If you’re a parent, you know that feeling you get when your child has been too quiet for too long. At some point, something clicks in your mind, and you realize you have had several minutes of uninterrupted silence… that’s not normal… what’s wrong? One day, a tired, young mom had this sensation. Where was Johnny? She hadn’t heard from him in… well… minutes. She scrambled to his room and found him. The young boy had been cutting out slips of paper, drawing a photo of his teddy bear in the center, and then coloring them green. He then added a “1” to the corners of each of them. As she entered the room, Johnny proudly exclaimed, “Mommy, I am making dollar bills!” Johnny then realized he could also add zeros and turn his dollar bills into ten-dollar bills, or even hundred-dollar bills! Might be a good time for mom to sneak in a quick nap!
What is the Difference?
According to the Bureau of Engraving and Printing, in Fiscal Year 2020, the United States government printed 1,574,400,000 one-dollar bills. What is the difference between these notes, and the ones Little Johnny was manufacturing in his room? Many of us might say, “Not much difference”, or some similar comment! But seriously, what is the difference? Why is a printed dollar from a government office different than one that proudly bears the portrait of Little Johnny’s dog? The only difference I can think of (other than the crayon artwork on Johnny’s dollars being less detailed), is that Johnny’s dollars are not backed up with any authority that gives them value. In fairness, we could probably make a very similar statement about the U.S. Government’s fiat dollars (so maybe the artwork is the biggest difference after all!) but at least the government dollar is legitimately the currency of the United States. It is therefore recognized as “legal tender for all debts, public and private”. So it is recognized as being “real money”. Unfortunately for Johnny, his dollars do not have that privileged status. Johnny’s dollars are his own creation, and do not carry the authority of the larger entity that gives them legitimacy.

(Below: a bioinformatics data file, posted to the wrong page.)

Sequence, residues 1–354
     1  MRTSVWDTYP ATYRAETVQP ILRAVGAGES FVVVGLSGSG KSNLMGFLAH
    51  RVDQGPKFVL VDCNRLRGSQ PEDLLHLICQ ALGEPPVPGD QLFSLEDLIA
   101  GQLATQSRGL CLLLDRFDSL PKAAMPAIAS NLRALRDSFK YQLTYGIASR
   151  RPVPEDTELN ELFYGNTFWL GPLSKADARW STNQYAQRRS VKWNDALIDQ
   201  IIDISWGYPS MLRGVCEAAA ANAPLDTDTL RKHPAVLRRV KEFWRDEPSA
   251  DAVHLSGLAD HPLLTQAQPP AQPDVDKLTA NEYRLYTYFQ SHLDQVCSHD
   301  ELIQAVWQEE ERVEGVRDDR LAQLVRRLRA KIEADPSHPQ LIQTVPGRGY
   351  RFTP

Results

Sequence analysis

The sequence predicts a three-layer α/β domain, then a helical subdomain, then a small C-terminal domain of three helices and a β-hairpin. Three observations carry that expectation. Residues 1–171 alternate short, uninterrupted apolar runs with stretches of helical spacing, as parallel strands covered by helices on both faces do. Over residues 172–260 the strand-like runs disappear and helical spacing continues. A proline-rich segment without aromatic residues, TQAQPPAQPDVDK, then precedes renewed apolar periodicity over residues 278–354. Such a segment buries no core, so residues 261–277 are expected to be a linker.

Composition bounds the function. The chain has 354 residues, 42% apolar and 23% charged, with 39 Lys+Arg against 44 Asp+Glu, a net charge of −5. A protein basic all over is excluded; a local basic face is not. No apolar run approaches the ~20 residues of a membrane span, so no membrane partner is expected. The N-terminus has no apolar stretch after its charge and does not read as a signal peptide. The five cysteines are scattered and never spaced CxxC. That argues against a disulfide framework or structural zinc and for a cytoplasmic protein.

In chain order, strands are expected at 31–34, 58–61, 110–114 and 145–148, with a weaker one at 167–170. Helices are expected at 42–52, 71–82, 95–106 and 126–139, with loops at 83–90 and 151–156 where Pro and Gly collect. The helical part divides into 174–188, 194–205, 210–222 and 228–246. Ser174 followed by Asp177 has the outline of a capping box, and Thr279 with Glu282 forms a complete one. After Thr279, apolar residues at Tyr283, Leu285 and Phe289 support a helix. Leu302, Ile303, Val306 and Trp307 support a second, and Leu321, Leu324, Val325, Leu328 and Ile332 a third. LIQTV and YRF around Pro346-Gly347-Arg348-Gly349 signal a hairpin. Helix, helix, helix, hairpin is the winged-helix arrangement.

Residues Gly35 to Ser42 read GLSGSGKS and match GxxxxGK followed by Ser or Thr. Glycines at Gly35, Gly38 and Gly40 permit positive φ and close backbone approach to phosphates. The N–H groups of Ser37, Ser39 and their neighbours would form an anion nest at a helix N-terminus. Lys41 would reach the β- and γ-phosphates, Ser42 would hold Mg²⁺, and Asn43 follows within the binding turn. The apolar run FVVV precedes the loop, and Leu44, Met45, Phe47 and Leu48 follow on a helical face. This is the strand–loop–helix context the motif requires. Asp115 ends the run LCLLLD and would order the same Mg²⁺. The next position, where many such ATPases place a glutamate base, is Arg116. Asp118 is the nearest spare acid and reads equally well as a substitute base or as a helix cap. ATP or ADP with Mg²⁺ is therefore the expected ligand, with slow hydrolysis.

Proper Authority Makes the Difference
Maybe some think this is an article about economics and fiat currency. Unfortunately, I am not smart enough or educated enough to write such an article! Maybe someday! No, this is not about currency, but it is about the legitimacy that Johnny’s dollars lacked – the backing from the higher authority, if you will, that gives it value. In our society today, we are guilty of doing this same thing in other areas. I am concerned today about laws. What makes a legitimate law? What makes a law binding on society vs something Johnny sketches out in his room? The difference is whether or not it is backed up by proper authority. I am afraid in our society today, we are losing sight of what it means to have (or lack) proper authority in several areas – but especially in the area of making law and what makes a law legitimate and binding.
Constitutional Requirement – Must Come From Congress
There are a couple references in the Constitution that are significant when it comes to identifying requirements for legitimate law. The first one is in Article 1, Section 1 of the Constitution – literally the first line after the Preamble. It says, “All legislative Powers herein granted shall be vested in a Congress of the United States, which shall consist of a Senate and House of Representatives.” – U.S. Constitution, Article 1. So we see the law must be passed by the entity with the proper authority to pass it. In today’s United States, there are countless federal agencies that pass “laws”, but they are not part of Congress. Constitutionally, all legitimate laws are passed by Congress because Congress is where “All legislative Powers” have been vested. If there is a federal agency passing regulations that “hold the force of law”, then they may have a resemblance to laws, but they lack legitimacy because they were not properly passed by the entity with proper authority to pass them. Indeed, they are like the slips of paper Johnny was creating up in his room. Johnny’s papers had a semblance to real dollars, but they lacked legitimacy because they were not created by the organization with authority to create them.